James L Halmo 1/27/22 7:42 AM January 27, 2022 Mr. Chairman and Members of the Pierce County Council I wish to discuss a couple of items in the draft legislation before you. First, Exhibit I, deletion of text in Development Regulations 18J.80.060. These are the fire regulations found in the Graham Community Plan. Background. By way of background, the Graham Community Planning Board met bi-weekly for four years at a Graham Fire Station. We had a Fire Commissioner on our Board. Less than 200 yards north of the station, developers created a residential housing complex . The roadway was very narrow, houses close together. Fire standards were questionable. Deputy Fire Chief Gary Franz told the TNT in an interview that the fire department might be able to save one or two of the residences in a major fire, but not the rest. Members on the Board realized first hand what might happen when fire standards are ignored. The regulations we proposed were adopted by the County. They are noted in the text as “enhancements to foster efficient emergency response services.” Subsequently, fire lanes were added in that residential housing complex to prohibit parking along stretches of the roadway. Community Plan regulations can be more restrictive than the general county code. Our work on the Planning Board was clearly legal and one which the citizens of the area supported. Number one, among the issues and complaints we heard from the public, was “do something about the landfill.” Second was, “we do not want to look like South Hill.’ We dealt with both. The housing complex we saw would not be repeated. The local citizens continue to strongly support the Department’s financial requirements. Notification. I find that the text of the public notice for Ordinance 2021-125s contains no reference to “Graham.” Likewise the Findings of Fact found in Exhibit K likewise contains no reference. The Graham Land Use Advisory Commission (LUAC) is not listed as having reviewed this material. Additionally, I called the Chair of the Graham Fire Department Board of Commissioners. He knew nothing about the proposed legislation to delete our strong regulations. The Fire Commissioners are elected officials, just as you and your colleagues on the County Council are elected officials. One would expect that the views of the Commissioners would be taken into account. The Council should reject the proposed changes to 18J.80.060 B. Second. Exhibit E addition of a new Definition for “Unified Control.” This broad delegation of authority to the Director of Planning and Public Works seems to open Pandora’s Box to a variety of interpretations. Does this pertain to both urban and rural areas of the County? Can such ownership and usage be applied across multi-land use classifications? For example, if rural, would ownership of three contiguous land parcels, such as Rural 10 land (R 10), Agricultural Resource Land (ARL), and Rural Sensitive Resource land (RSR) qualify? And, qualify for what? Do the normal regulations on uses for each of these three land use classifications still pertain and must be followed separately? Does this ‘unification’ trump land use classifications and their restrictions? The proposed definition is unclear. Sincerely, James L. Halmo 9806 247th Street Ct East Graham, WA 98338 (253) 875-1890 Jimh1890@hotmail.com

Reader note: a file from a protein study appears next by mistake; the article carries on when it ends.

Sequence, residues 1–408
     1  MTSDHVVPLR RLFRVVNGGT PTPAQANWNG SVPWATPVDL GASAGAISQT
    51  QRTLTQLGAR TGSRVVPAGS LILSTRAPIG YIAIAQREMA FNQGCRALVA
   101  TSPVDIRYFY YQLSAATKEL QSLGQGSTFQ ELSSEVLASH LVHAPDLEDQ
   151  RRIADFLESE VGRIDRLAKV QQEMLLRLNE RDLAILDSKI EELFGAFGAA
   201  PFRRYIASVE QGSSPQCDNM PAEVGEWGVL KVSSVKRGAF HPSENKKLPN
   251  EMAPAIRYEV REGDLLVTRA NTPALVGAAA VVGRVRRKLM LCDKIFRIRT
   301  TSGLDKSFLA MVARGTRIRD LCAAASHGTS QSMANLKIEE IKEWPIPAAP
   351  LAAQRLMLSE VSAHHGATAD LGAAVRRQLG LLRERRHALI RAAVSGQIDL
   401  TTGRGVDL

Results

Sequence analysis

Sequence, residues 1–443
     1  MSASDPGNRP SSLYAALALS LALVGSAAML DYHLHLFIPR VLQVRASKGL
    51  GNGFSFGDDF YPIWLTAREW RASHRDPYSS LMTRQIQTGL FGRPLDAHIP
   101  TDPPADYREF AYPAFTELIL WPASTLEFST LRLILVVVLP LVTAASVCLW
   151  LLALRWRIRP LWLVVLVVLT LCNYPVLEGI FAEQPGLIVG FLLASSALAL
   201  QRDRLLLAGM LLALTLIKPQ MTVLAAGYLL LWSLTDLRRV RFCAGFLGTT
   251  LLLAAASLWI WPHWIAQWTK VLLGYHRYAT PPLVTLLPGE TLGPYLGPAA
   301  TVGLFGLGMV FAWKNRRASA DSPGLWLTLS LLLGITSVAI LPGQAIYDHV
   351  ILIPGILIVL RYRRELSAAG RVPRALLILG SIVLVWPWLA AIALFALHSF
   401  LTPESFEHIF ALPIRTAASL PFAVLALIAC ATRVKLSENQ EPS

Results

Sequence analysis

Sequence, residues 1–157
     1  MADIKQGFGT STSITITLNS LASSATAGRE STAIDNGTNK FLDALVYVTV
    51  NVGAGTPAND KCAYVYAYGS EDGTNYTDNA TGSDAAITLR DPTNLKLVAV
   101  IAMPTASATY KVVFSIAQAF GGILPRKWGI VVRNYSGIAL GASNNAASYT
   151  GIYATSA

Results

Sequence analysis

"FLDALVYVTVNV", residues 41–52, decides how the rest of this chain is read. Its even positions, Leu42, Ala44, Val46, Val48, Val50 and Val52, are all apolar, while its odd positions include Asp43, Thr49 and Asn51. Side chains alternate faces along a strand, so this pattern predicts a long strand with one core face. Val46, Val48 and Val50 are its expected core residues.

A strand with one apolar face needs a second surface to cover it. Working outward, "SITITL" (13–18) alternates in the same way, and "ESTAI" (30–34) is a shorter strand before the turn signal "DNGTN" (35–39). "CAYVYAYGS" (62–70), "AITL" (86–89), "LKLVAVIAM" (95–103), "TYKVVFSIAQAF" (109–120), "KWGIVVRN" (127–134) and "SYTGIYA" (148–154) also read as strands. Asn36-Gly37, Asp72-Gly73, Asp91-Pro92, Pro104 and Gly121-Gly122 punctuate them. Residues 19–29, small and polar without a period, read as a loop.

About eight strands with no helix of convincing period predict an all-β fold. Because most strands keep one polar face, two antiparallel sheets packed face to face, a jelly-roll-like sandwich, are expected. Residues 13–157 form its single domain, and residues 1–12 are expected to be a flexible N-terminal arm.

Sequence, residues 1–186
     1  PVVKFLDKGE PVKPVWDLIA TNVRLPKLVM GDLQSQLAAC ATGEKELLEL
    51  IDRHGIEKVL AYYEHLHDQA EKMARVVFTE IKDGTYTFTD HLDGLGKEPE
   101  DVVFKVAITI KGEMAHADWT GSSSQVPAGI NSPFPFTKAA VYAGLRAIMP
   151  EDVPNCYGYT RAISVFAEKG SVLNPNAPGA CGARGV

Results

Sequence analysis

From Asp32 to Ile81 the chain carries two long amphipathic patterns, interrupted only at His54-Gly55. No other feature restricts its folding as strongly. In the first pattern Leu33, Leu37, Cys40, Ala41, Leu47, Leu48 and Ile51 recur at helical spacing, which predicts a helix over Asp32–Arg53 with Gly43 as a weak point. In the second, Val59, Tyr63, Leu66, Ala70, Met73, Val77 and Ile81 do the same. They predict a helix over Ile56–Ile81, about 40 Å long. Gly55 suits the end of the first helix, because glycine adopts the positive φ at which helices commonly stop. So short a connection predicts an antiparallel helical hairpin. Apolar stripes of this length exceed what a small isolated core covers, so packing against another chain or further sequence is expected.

Oscar Espinosa, Fire Chief 2/8/22 6:38 AM Good morning Pierce County Council Members, Thank you for your recent action to delay the Final Hearing so that Graham Fire & Rescue could have additional time to investigate Proposed Code Amendments. In regards to the 2021-125s Ordinance proposal, Graham Fire & Rescue stands in support of Chapter 18J.80.060 B.1.a and B.1.b. This language covers side yard setbacks and fire resistive construction requirements to prevent fire spread and decrease fire damage to single-family developments where structures have a separation of less than ten feet. We stand in support of proposal to remove this language as it is duplicative and covered in Chapter 17 of the Pierce County Code. We stand in opposition of Chapter 18J.80.060 B.1.c, B.1.d, & Section 2. This language speaks to wildland urban interface requirements designed to prevent fire spread and decrease fire damage in the wildland urban interface environment. We oppose the removal of this language as our County has yet to adopt the International Wildland Urban Interface Code. These design standards are essential to allowing our equipment and personnel adequate access to conduct critical life and property saving operations. They are specific to mitigating the risk to life and structures from intrusion of wildland fires, wildland fire exposures, and fires from adjacent structures. This language should not be removed until the IWUIC or replacement language has been adopted.